Pope of Alexandria

Patriarch of the See of Saint Mark

"Grace to you and peace from God the Father and our Lord Jesus Christ" (Gal 1:3)

It is with fraternal joy that I send greetings to Your Holiness on the happy occasion of your enthronement as Pope of Alexandria and Patriarch of the See of Saint Mark. To my Venerable Brother Cardinal Kurt Koch, President of the Pontifical Council for Promoting Christian Unity, I have entrusted the task of conveying these greetings to you, together with assurances of my closeness in prayer as you assume the high office of chief shepherd of the Coptic Orthodox Church. May the Almighty grant Your Holiness abundant spiritual gifts to strengthen you in your new ministry, as you guide the clergy and laity along the paths of holiness, for the good of your people and the peace and harmony of the whole of society.

My thoughts turn at this time to your venerable predecessor, His Holiness Pope Shenouda III, whose long and devoted service to the Lord will surely continue to inspire you and all the faithful. His concern for improving relations with other Christian Churches reinforces our hope that one day all the followers of Christ will find themselves united in that love and reconciliation which the Lord so earnestly desires (cf. Jn 17:21).

Your Holiness, I pray that the Holy Spirit will sustain you in your ministry, so that the flock entrusted to your care may experience the teaching of the Good Shepherd. May they be blessed with the serenity to offer their valuable contribution to the good of society and the well-being of all their fellow-citizens.

I pray too that relations between the Catholic Church and the Coptic Orthodox Church will continue to grow closer, not only in a fraternal spirit of collaboration, but also through a deepening of the theological dialogue that will enable us to grow in communion and to bear witness before the world to the saving truth of the Gospel.

Conscious of the great challenges which accompany the spiritual and pastoral ministry that Your Holiness is about to undertake, I assure you of my prayers and personal good wishes. With fraternal esteem and affection I implore God’s blessings upon you and upon all the faithful entrusted to your care.

From the Vatican, 14 November 2012

Sunday 18 November 2012

Metropolitan Hilarion of Volokolamsk congratulates and warns new Archbishop of Canterbury


Dear Brother and Lord Bishop,

I would like to extend to you wholehearted congratulations on your election as Head of one of the oldest episcopal chairs founded by St. Augustine of Canterbury in the 7th century.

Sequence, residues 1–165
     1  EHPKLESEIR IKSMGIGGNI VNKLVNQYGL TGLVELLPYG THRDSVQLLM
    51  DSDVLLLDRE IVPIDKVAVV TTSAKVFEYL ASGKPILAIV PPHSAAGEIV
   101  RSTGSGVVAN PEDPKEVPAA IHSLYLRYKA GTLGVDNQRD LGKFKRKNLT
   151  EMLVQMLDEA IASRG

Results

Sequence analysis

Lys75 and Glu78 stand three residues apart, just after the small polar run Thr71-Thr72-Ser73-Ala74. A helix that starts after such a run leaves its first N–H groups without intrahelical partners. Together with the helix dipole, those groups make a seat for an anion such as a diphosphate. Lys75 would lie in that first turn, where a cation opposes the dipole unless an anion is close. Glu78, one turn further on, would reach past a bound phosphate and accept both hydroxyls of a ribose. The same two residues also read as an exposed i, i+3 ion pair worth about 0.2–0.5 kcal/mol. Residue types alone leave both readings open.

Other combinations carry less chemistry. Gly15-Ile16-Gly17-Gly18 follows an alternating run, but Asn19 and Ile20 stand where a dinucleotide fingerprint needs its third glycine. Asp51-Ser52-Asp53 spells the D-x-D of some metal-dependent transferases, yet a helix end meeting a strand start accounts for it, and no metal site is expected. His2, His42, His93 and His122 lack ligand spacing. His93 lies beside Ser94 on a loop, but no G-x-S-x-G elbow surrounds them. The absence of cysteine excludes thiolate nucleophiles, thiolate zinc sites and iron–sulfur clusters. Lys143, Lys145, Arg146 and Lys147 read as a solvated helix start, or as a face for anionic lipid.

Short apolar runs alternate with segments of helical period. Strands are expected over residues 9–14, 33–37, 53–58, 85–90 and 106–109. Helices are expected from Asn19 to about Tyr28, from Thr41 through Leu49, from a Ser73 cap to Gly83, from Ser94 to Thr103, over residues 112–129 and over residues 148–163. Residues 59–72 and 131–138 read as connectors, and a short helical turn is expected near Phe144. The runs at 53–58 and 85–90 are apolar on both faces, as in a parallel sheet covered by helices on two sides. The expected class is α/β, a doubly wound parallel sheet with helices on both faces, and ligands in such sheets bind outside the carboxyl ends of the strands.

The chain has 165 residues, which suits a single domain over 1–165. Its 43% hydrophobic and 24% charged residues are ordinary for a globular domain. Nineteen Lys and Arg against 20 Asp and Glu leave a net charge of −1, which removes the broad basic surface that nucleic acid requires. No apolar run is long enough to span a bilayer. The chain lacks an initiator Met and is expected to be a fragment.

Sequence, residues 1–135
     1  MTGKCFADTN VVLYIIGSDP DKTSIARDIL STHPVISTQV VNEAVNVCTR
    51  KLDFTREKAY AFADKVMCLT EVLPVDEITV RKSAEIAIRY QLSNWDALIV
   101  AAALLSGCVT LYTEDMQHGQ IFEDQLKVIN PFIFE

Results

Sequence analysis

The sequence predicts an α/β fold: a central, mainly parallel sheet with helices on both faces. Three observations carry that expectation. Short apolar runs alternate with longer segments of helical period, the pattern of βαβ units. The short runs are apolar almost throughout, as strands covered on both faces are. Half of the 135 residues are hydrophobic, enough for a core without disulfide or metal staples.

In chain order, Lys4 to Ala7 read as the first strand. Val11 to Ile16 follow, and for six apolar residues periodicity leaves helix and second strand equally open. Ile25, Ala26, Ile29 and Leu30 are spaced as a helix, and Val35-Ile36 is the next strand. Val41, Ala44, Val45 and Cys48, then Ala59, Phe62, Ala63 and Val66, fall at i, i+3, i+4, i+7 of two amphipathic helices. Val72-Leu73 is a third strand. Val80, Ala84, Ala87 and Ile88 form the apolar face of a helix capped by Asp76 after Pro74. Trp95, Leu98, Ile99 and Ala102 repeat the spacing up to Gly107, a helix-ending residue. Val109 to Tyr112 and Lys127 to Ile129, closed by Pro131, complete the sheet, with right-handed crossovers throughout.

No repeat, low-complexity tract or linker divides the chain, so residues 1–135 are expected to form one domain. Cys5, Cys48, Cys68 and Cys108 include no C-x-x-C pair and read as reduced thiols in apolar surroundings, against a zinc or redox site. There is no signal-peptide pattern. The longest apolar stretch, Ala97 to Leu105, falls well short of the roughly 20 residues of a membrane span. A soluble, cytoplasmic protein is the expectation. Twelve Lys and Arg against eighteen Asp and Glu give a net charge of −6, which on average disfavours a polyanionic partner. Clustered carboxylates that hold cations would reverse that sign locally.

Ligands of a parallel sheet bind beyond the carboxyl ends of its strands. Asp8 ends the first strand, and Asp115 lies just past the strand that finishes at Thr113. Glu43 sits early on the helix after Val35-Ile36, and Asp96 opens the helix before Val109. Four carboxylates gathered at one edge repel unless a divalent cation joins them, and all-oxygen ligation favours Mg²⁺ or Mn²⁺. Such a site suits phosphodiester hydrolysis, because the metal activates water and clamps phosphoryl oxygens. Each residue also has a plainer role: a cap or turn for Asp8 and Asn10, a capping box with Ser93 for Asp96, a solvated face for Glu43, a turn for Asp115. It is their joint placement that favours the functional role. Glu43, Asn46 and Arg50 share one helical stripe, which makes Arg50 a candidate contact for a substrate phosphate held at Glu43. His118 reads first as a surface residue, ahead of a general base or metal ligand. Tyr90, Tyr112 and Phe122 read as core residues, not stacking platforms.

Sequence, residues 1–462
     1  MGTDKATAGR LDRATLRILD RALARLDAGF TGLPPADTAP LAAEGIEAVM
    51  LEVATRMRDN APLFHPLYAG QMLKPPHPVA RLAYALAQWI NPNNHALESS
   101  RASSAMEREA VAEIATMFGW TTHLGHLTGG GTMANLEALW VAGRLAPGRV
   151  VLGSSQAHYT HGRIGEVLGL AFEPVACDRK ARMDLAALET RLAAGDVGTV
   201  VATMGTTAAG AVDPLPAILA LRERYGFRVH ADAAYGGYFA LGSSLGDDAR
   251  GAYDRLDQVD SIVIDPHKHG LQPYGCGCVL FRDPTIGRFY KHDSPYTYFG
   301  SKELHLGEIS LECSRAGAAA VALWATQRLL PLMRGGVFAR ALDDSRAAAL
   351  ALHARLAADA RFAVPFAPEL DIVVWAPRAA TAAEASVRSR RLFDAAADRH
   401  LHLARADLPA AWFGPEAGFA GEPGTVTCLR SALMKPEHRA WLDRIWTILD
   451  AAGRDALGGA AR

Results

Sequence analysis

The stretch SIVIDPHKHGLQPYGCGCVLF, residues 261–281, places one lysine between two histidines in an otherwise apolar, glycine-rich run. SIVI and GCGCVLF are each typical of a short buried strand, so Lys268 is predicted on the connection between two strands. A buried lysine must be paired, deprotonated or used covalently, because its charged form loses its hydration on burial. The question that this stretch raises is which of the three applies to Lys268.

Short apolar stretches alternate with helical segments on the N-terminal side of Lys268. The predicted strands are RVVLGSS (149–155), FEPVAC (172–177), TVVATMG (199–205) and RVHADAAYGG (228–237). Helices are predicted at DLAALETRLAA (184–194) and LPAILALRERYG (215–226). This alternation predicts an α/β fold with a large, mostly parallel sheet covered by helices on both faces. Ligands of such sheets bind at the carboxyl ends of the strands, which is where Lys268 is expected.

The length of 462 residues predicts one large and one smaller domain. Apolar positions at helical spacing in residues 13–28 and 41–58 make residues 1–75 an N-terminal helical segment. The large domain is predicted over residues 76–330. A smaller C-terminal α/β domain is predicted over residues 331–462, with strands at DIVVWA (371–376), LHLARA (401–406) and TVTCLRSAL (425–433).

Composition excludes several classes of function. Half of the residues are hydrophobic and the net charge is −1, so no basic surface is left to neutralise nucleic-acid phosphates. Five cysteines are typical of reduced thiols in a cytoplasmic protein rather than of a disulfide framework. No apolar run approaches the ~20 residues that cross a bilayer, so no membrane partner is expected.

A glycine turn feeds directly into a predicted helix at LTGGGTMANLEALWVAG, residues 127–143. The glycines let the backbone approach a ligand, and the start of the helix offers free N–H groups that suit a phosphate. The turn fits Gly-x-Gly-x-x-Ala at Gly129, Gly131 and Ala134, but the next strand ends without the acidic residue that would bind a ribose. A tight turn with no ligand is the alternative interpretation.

You have been entrusted with the spiritual guidance of the entire Anglican Communion, a unique union of like-minded people, which, however diverse the forms of its existence in the world may be, needs one ‘steward of God’ (Tit. 1:7) the guardian of the faith and witness to the Truth (cf. Jn. 18:37).

The Russian Orthodox Church and the Churches of the Anglican Communion are bonded by age-old friendly relations initiated in the 16th century. For centuries, our Churches would preserve good and truly brotherly relations encouraged both by frequent mutual visits and established theological dialogue and certainly by a spirit of respect and love which used to accompany the meetings of our hierarchs, clergy and ordinary believers.

Regrettably, the late 20th century and the beginning of the third millennium have brought tangible difficulties in relations between the Russian Orthodox Church and the Churches of the Anglican Communion. The introduction female priesthood and now episcopate, the blessing of same-sex ‘unions’ and ‘marriages’, the ordination of homosexuals as pastors and bishops – all these innovations are seen by the Orthodox as deviations from the tradition of the Early Church, which increasingly estrange Anglicanism from the Orthodox Church and contribute to a further division of Christendom as a whole.

We hope that the voice of the Orthodox Church will be heard by the Church of England and Churches of the Anglican Communion, and good fraternal relationships between us will revive.

I wish you God’s help in your important work.

‘May the God of love and peace be with you’ (2 Cor. 13:11).

Metropolitan Hilarion of Volokolamsk
13 November 2012

Wednesday 14 November 2012

Filaret: A Statehood-oriented Patriarch

Filaret & Ukraine: A Statehood-oriented Patriarch

The Life and Thought of Louis Massignon (1883-1962): Comparative political and theological perspectives - Conference on Tuesday 27 November 2012

At the Centre for Eastern Christianity, Heythrop College, in the Marie-Eugenie Room. All are welcome

  • Louis Massignon's influence on the teaching of Vatican II on Muslims and Islam: Christian Krokus, University of Scranton
  • Louis Massignon: The Prophet of Dialogue of Civilizations: Fabio Petito, University of Sussex
  • Responding to Islam as Priests, Mystics and Trailblazers: Louis Massignon, Kenneth Cragg, and Rowan Williams: Richard Sudworth, Heythrop College, University of London